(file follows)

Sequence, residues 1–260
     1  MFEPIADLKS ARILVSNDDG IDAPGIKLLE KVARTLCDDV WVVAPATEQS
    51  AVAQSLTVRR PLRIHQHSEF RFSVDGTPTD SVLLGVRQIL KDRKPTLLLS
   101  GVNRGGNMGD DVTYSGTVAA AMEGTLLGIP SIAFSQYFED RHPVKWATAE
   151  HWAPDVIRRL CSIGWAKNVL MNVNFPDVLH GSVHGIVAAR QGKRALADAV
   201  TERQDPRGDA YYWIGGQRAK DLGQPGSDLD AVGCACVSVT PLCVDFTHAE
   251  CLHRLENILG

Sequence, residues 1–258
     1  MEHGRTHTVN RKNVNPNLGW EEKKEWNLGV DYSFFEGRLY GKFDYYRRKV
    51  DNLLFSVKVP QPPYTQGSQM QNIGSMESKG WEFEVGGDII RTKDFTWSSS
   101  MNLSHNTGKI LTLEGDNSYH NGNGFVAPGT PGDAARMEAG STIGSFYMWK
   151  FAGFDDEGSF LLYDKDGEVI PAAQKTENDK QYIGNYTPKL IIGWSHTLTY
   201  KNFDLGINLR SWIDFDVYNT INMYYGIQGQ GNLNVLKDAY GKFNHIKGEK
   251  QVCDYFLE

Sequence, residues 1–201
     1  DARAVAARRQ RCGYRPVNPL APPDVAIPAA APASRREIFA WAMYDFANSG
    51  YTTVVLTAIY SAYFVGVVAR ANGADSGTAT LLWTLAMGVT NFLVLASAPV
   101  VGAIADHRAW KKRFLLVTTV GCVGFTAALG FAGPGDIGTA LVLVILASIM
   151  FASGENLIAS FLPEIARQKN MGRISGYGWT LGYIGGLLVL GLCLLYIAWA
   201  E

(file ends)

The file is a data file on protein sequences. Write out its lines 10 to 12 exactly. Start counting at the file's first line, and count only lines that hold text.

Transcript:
    51  DNLLFSVKVP QPPYTQGSQM QNIGSMESKG WEFEVGGDII RTKDFTWSSS
   101  MNLSHNTGKI LTLEGDNSYH NGNGFVAPGT PGDAARMEAG STIGSFYMWK
   151  FAGFDDEGSF LLYDKDGEVI PAAQKTENDK QYIGNYTPKL IIGWSHTLTY